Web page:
"As you know, he played a lot of safety for us (in 2010). So he's made that transition seamlessly. He's a really good athlete and he loves to play. I think when you have that combination, those are the guys you love to coach."

Notre Dame has verbal pledges from two top-rated cornerbacks: Ronald Darby (No. 1 CB according to and Tee Shepard (No. 3).

Te'o, Teamwork, and T.J.

In a Game Seven loss to rival USC, otherwise top-notch linebacker Manti Te'o suffered through arguably his worst game since the season opener of 2010 (his admitted "worst game" of note).

The junior predictably bounced back with a Game MVP effort Saturday vs. Navy, and though Kelly wasn't sure injured pride was the cause, he's certain Te'o will continue to improve through season's end.

"You know, I didn't ask him if his pride was wounded so I can't answer that question," Kelly said. "But I can tell you this: He's always looking to be a better football player, a better teammate, each and every day. You know, he has that drive.

"He has an immense amount of pride. I couldn't comment on whether it was the USC game. He (was) on, as well as everybody else now; the four guys in front of him were on which allowed him to be on," Kelly reiterated of the front seven's effort vs. Navy.

"He's got a great amount of pride in the work that he does. He loves the scheme. He loves being part of our defensive structure. That was on display on Saturday."

Also on display was the team's most improved unit over the last calendar year, its offensive line. To what does Kelly attribute the unit's improvement?

"Well, they're good players first of all," Kelly said of the team's pass protection skills, specifically. "You start with five good players (and) you've got to really good offensive line coach in Ed Warinner. Then you have ‘backs that are committed to blocking, because this doesn't work without Jonas Gray and Cierre Wood. Then Tommy Rees gets the ball out of his hands really, really quick.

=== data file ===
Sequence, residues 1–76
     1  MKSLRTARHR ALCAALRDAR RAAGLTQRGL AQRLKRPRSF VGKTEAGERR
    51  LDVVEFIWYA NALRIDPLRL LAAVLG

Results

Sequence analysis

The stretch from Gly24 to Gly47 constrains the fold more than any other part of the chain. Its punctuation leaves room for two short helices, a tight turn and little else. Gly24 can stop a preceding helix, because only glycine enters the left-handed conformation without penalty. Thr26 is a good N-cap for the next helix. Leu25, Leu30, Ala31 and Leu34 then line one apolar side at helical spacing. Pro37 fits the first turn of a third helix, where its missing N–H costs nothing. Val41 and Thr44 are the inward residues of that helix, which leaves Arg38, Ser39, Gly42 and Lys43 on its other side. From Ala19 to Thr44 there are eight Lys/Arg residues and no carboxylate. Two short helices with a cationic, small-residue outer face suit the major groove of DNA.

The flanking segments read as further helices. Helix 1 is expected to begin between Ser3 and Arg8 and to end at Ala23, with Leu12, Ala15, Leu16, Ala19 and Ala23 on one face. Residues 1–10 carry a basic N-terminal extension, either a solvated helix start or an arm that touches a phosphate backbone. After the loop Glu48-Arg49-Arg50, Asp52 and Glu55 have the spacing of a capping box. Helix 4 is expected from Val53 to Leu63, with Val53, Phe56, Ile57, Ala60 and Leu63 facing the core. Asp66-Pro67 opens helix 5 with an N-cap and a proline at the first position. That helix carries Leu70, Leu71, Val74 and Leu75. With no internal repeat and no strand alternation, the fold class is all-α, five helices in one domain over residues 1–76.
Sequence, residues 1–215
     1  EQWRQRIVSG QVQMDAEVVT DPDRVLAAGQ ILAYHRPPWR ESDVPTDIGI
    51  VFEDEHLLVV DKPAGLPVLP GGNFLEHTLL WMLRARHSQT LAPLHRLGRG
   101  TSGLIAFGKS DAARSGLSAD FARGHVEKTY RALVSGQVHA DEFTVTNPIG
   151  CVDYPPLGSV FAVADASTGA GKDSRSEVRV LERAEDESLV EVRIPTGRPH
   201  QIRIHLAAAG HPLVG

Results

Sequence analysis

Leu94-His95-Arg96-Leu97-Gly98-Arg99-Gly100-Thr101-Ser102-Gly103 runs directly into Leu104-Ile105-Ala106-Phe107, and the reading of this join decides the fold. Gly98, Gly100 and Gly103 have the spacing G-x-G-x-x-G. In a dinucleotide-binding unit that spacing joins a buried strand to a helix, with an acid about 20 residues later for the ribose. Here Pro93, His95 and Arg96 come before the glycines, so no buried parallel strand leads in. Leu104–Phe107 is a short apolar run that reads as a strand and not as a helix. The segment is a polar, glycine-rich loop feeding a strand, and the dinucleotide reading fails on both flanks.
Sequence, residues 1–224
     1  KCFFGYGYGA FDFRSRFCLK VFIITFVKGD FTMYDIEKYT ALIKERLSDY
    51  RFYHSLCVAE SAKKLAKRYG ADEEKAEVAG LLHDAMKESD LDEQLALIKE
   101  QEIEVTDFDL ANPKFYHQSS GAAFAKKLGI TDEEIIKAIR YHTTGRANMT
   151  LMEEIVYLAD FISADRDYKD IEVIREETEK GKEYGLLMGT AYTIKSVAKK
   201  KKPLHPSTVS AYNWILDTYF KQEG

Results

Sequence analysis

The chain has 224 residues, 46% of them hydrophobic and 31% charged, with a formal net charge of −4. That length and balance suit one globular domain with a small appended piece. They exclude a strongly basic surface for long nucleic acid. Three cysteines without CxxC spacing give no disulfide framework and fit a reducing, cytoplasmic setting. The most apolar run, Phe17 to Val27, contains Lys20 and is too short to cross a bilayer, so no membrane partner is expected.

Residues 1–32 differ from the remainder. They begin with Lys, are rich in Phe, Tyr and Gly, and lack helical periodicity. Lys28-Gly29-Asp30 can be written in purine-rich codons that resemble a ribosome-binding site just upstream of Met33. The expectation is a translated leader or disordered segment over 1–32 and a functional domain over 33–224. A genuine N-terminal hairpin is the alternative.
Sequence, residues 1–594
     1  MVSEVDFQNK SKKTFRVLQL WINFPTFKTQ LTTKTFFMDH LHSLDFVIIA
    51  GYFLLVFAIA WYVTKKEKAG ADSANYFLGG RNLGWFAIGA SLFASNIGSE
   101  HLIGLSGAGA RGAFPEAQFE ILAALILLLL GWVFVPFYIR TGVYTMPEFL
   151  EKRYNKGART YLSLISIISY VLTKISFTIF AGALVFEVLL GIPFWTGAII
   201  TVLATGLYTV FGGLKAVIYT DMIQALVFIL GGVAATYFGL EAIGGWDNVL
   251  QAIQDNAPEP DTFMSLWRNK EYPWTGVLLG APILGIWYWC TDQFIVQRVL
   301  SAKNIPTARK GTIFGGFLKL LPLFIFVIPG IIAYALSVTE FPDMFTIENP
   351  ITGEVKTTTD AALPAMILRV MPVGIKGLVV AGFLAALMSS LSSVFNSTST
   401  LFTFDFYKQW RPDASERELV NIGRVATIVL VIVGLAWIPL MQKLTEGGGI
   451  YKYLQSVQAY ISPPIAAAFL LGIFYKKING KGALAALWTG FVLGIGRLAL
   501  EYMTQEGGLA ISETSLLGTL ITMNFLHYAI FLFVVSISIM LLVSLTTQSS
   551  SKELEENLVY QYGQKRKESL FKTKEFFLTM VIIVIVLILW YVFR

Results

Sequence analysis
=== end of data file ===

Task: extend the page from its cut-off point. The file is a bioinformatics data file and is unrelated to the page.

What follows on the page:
"So you got a number of things coming together there. You don't (fail to) give up a sack in October just because you got five guys. They are, no question, the core and the center of this, but there are some other pieces work together as well."

Rees has been sacked just four times this season (Crist was sacked as well). Rees was dropped just four times in five full games last year; Crist 16 in the eight previous.

"I think the strength in the offensive line lies in that each one of 'em works well together," Kelly continued. "Secondly, there's been a consistency in games played together. This group now has played all their games together. When you develop this consistency and are able to put starts together, you build obviously more than just five guys. There's a unit there that has strength. All those things are playing out."

Off the radar? Sophomore receiver T.J. Jones has started seven of eight games this season (the offense began in a two tight end set vs. Air Force). He earned starts in seven of the nine games during which he was in good health last fall, and in total, has compiled 49 receptions for 586 yards and six touchdown receptions over 14 starts and about 17 full games.

The six scores tie him with Theo Riddick for the second highest total among all Irish pass catchers of the 21-game Kelly era.

Yet Jones rarely highlights conversations regarding the team's skill position weapons.

"He's been a very solid player for us; probably could make the case that he's underutilized," Kelly said. "I like the way he plays; plays fast. You know, (he's) a kid who loves to play the game.

"So within our structure, if you spend too much time on one guy, he can hurt you as well. But he's a good player."

Jones had 20 receptions and three scores over the first five weeks; he has just six grabs for 74 yards in the last three contests. Consistent production from either he or Riddick is the next step for an offense that has shown flashes of brilliance this fall. Top Stories